A. Hi Danny. Land art can be direct intervention or it can engage with landscape ephemerally, i.e through photography… Open-air sculpture is, simply, any work outdoors, but when sited well it has the same very direct relationship with landscape.

Birmingham Museums

Q. What’s the most surprising thing you’ve learned about how people use the Pre-Raphaelite resource?

A. Probably that schools use the resource as it was meant for FE/HE, but feedback is they love access to images. Don’t think there have been any surprises in how resource is being used otherwise, audience research was spot on.

New Museum

Q. How important has the legacy of Rhizome been to the ‘artworld’ in general?

A. That’s a hard one to answer in 144 but, I think it is safe to say VERY

Baltic Mill

Q. Is the converted industrial space of the mill an ideal space for exhibitions, or does it have problems?

A. It’s a fantastic space thanks to a well conceived conversion, ready to take up the unusual challenges artists throw at us.

Whitney Museum

Q. Have the ‘general public’ really had as much contemporary art as they can bear?

A. No, they can probably handle a little more.

London Transport Museum

Q. Has the development of TFL and an integrated London transport policy helped you in collecting or exhibiting?

A. Yes, the museum’s collection has grown since the development of TfL. Now we cover taxis, cycling, streets, river & much more!

Denver Museum of Nature and Science

Q. What’s the expected lifespan of the taxidermied animals in your displays?

A. Our taxidermy mounts are expected to last somewhere over a century. Our oldest specimens on display are over 85 yrs old.

Science Museum

Q.  Is there a future for blockbuster science exhibitions?

A. ‘Blockbuster’ is a tricky term but we are planning two major galleries for 2014 (PDF)

Brighton and Hove Museums

Q. How much influence have grassroots local history movements like QueenSpark Books had on your new displays?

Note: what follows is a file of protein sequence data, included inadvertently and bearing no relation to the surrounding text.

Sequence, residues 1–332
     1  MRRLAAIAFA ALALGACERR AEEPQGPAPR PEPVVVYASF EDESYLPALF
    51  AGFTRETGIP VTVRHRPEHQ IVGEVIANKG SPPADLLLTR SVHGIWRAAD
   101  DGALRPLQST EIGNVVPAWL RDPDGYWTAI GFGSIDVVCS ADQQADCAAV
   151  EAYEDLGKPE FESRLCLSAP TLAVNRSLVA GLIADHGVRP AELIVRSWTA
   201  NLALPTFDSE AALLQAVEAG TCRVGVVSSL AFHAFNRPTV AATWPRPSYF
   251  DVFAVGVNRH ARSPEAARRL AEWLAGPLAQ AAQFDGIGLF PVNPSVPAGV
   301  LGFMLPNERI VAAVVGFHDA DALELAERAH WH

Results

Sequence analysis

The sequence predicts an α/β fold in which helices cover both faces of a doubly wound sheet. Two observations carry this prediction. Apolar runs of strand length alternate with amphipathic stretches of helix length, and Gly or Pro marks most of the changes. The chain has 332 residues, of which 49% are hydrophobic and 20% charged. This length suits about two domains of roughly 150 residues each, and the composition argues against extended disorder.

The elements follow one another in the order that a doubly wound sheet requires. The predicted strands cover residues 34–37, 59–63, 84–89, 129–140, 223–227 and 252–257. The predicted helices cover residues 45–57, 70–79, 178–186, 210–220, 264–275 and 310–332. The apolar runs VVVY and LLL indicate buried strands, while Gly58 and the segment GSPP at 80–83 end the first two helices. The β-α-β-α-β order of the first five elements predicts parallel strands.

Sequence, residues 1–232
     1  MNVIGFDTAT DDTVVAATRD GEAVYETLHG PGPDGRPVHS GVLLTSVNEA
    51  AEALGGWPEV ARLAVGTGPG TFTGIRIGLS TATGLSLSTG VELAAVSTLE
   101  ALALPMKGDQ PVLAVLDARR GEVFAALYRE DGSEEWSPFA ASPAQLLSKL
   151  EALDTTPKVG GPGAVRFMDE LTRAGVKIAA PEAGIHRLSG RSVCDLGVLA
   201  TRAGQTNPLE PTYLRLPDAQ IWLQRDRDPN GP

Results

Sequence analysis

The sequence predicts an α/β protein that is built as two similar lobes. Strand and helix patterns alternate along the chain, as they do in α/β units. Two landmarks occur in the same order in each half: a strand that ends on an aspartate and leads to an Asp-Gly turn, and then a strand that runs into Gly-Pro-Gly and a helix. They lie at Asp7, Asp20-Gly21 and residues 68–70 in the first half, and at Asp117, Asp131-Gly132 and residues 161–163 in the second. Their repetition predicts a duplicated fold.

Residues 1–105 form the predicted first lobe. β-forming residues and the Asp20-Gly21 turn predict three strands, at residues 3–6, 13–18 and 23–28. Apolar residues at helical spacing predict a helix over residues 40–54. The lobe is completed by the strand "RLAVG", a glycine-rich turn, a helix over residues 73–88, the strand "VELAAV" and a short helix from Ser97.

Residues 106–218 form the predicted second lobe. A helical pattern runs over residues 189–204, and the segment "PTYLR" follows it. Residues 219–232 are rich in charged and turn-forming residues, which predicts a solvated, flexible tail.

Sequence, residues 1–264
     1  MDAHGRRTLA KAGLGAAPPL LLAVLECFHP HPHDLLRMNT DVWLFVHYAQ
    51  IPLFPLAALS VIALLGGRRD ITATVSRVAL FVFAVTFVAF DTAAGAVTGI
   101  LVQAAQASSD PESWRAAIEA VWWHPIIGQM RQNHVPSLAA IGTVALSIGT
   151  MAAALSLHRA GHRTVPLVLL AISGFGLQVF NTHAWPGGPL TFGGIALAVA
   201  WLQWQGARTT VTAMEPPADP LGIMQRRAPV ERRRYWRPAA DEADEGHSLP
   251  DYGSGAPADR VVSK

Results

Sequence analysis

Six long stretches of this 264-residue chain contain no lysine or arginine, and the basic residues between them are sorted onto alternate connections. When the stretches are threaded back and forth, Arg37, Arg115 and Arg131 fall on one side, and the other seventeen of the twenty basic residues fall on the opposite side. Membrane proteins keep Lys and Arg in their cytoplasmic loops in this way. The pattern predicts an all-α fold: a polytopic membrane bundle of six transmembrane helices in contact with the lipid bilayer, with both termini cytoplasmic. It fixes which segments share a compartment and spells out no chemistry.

A. The voices of local people shaped the local history galleries which feature quotes and sound recordings

Imperial War Museum

Q. Do you ever get negative reactions to the large display of guns in your main exhibition hall?

A. It’s important for us to put on display, without any sense of glorifying them, some key weapons of WW1/2 & other conflicts. When HM Queen Elizabeth The Queen Mother, then Duchess of York, came to the opening of IWM London in 1936 she said ‘It is a very good thing that people should know and realise how horrible war is’

National Maritime Museum

Q. Are the sea and the sky inextricably linked, or could RO/NMM ever become two entirely separate museums?

A. When ROG became a mus in 1950s it was nearly taken over by Sci Mus. But maritime navigation is key for NMM/ROG

National Portrait Gallery

Q. When you programme your Lates, what informs the connection between the collections and eg the musical events?

A. We respond to Collection & exhibitions in creative way to help visitors engage & offer new interpretation. Good eg is event on 10/2 questioning the idea of portraiture with workshops, music, debate.

Australian War Memorial

Q. Has the memory of Gallipoli overshadowed all other aspects of the ANZAC legacy?

A. Am not sure I understand your question about Gallipoli overshadowing ANZAC legacy. Could you explain a bit more please?

Q. When ppl think of ANZACs, do they too often think only of Gallipoli; are other campaigns sufficiently remembered & commemorated?

A. Thanks. Yes, it does seem that Gallipoli often overshadows what happened on the Western Front, for instance.

British Museum

Q.What’s going on with the Bassae Frieze at the moment?

A. Plan is to improve access by having video of the frieze at ground floor when mezzanine gallery is closed & for visitors who can’t climb stairs

Te Papa

Q. Is Te Papa a museum of *everything* NZ, or are there some things you can’t/won’t collect or display?

A. A museum of everything NZ, if sig to NZ or NZ communities we collect /display, cultural considerations imp. esp human remains.

British Film Institute

Q. Where do you think the biggest gaps in the NFTVA’s collection are? What would you most like to have that you don’t?



Q. What would be your ideal in-gallery photography policy?


Given the prevailing ethos of ‘you have to mean it’ around cultural organisations’ use of social media, even 18/20 doesn’t feel quite satisfying enough (and particularly disappointing that heavy hitters Tate and BFI were the two that didn’t respond) – I was really hoping for a full house.